Religion on its knees
In 2007, University of Michigan professor Ronald Inglehart and a colleague analyzed religious trends from 1981 to 2007 in 49 countries comprising 60% of global population. In 33 of these countries — including former communist, developing and wealthy nations — people had become more religious.
Examining data from 2007 to 2019, Inglehart found that in 43 of these same 49 societies, people had become less religious. The major exception to this decline is the Muslim world, as all 18 Muslim-majority countries studied remain “strongly religious.”
How did this startling drop in religious belief and practice happen? Citing a well-known explanation for this phenomenon, Inglehart notes that as societies modernize (especially in science, technology and medicine) and survival becomes more secure, an increasing number of people “no longer find religion a necessary source of support and meaning in their lives.” Dramatic increases in food production mean fewer people starve, advancing medical knowledge results in longer, healthier lives, and well-functioning criminal justice systems (the police, courts and prisons) significantly reduce rates of murder and other violent crimes.
Inglehart and his research team compared levels of religious belief from 1981 survey data to survey results from “around” 2007. They asked respondents to indicate how important God was in their lives on a 10-point scale ranging from 1 (“not at all important”) to 10 (“very important”). A majority of countries surveyed revealed upticks in the importance of God, with the largest increase in the former communist countries.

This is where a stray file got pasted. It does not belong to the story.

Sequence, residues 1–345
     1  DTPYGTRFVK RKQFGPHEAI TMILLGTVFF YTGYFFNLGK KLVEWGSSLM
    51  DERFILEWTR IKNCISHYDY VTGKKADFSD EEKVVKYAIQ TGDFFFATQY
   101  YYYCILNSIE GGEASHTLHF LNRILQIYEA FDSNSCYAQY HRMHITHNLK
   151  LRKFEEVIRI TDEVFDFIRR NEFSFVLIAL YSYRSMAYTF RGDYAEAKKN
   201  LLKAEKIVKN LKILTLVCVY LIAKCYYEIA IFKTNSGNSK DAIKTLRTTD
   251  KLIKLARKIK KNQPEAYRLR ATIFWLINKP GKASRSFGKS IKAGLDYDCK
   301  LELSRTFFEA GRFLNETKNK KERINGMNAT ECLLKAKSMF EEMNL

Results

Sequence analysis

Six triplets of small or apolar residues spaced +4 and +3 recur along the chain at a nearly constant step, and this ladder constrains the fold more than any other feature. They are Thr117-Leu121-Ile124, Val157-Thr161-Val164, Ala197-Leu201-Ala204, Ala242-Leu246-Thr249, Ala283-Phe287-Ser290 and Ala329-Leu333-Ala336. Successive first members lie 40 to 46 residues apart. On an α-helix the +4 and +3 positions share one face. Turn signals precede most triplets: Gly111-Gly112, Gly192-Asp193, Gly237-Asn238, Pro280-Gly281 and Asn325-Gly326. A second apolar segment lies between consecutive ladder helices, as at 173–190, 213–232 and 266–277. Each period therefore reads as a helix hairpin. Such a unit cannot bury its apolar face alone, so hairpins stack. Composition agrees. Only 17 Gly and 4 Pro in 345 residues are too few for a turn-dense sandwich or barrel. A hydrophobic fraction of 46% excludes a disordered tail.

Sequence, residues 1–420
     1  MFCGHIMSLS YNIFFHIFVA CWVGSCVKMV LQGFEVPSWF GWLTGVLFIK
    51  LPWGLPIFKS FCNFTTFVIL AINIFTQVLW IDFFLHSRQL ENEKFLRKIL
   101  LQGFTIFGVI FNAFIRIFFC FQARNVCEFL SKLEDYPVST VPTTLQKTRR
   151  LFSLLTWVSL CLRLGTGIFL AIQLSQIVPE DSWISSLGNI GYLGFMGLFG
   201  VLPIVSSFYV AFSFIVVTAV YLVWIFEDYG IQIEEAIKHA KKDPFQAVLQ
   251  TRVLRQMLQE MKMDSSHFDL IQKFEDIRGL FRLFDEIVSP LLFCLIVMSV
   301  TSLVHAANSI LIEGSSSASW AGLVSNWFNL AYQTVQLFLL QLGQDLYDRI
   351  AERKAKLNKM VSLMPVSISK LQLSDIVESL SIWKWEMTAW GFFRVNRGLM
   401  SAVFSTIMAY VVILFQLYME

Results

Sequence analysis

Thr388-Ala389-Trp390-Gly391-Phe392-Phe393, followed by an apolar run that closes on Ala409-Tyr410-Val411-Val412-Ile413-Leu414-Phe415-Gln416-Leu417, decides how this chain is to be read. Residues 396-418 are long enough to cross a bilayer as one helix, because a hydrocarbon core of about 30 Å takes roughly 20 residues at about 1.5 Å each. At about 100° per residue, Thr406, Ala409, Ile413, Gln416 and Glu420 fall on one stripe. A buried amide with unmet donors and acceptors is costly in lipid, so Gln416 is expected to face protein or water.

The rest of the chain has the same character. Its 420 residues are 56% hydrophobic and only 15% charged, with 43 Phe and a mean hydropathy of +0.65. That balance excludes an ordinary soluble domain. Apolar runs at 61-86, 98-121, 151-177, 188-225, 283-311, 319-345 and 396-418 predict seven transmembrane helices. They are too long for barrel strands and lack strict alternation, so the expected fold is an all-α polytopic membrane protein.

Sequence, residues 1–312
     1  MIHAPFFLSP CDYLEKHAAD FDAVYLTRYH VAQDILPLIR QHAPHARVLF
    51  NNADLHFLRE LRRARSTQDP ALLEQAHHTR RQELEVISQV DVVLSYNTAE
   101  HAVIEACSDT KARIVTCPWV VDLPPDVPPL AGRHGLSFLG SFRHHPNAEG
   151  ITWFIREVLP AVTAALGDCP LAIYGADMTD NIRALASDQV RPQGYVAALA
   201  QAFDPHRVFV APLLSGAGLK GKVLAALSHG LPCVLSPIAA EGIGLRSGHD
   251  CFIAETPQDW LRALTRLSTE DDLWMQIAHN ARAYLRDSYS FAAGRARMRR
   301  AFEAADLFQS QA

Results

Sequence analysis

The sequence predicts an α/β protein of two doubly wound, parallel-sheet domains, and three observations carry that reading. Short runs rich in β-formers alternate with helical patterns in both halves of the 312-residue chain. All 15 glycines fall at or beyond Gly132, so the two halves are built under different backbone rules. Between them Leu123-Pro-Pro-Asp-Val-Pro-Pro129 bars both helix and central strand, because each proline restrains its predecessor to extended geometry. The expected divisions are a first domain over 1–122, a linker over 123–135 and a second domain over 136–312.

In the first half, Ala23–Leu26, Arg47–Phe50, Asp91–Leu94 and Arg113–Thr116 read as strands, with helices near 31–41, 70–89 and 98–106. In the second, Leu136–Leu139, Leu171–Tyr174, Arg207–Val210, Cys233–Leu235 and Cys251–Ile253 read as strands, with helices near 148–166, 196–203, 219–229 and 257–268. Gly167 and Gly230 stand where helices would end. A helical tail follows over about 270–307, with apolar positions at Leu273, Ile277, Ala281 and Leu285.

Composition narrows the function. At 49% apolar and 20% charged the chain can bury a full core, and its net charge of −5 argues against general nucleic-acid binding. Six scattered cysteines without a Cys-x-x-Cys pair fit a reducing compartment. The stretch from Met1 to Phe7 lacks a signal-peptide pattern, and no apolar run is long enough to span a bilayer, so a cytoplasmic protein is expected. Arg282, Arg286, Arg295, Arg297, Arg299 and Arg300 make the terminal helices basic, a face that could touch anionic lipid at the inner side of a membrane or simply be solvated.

The most dramatic shift away from religion occurred in the United States. Whereas we ranked as one of the world’s more religious nations between 1981 and 2007, since then, “the United States has shown the largest move away from religion of any country for which we have data.” Near the end of the 1981-2007 period examined, American’s average rating on the importance of God in their lives on a ten-point scale was 8.2 — a score that fell to 4.6 in 2017, “an astonishing sharp decline.”
Inglehart argues that “perhaps” the most important factor driving secularization globally is the transformation of norms and values regarding fertility. In most societies over the course of human history, women were given the role of producing as many children as possible to counter high rates of mortality, especially infant mortality. To that end, sexual activity not linked to reproduction — divorce, abortion, contraception and homosexuality — was discouraged or forbidden by religious values, norms and laws.